This paper examines the relation between cash flow, corporate governance and fixed-investment spending. In perfect capital markets we expect no systematic relationship. However, Myers and Majluf's (1984) asymmetric information hypothesis and Jensen's (1986) managerial discretion hypothesis present imperfections and predict a positive impact of cash flow on investment in fixed assets. Aspects of corporate governance play an important role in both theories. We measure the impact of cash flow on investment for a set of Dutch firms and aim to distinguish between the asymmetric information hypothesis and the managerial discretion hypothesis. Our findings show that cash flow is an important determinant of investment expenditures. The impact of cash flow is largest for firms with low growth opportunities suggesting that the managerial discretion hypothesis is most at work in the Dutch setting. We also discern that the impact of governance characteristics on both investment and the cash flow-sensitivity of investment differ between firms having low and high growth opportunities. This implies that governance affects the managerial discretion and asymmetric information hypotheses differently.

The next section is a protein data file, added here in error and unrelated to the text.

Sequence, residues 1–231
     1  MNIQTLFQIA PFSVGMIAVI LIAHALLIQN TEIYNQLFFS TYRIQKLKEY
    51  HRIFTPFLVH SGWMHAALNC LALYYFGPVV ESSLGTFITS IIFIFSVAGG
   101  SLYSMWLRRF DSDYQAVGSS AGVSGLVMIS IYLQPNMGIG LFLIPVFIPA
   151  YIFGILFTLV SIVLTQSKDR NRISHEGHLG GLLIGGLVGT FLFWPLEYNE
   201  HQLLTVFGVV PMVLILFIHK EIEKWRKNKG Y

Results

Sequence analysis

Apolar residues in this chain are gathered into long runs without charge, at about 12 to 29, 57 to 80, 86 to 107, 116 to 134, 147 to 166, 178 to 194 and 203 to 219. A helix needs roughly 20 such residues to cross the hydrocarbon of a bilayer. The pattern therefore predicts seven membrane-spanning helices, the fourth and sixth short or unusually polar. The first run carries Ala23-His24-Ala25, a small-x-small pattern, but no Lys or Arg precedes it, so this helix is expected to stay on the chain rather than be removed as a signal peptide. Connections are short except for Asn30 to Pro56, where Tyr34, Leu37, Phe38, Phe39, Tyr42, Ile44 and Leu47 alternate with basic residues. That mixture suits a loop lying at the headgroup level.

|Place of Publication||Tilburg|
|Number of pages||33|
|Publication status||Published - 2000|
|Name||CentER Discussion Paper|
- corporate liquidity
- cash flow
- corporate governance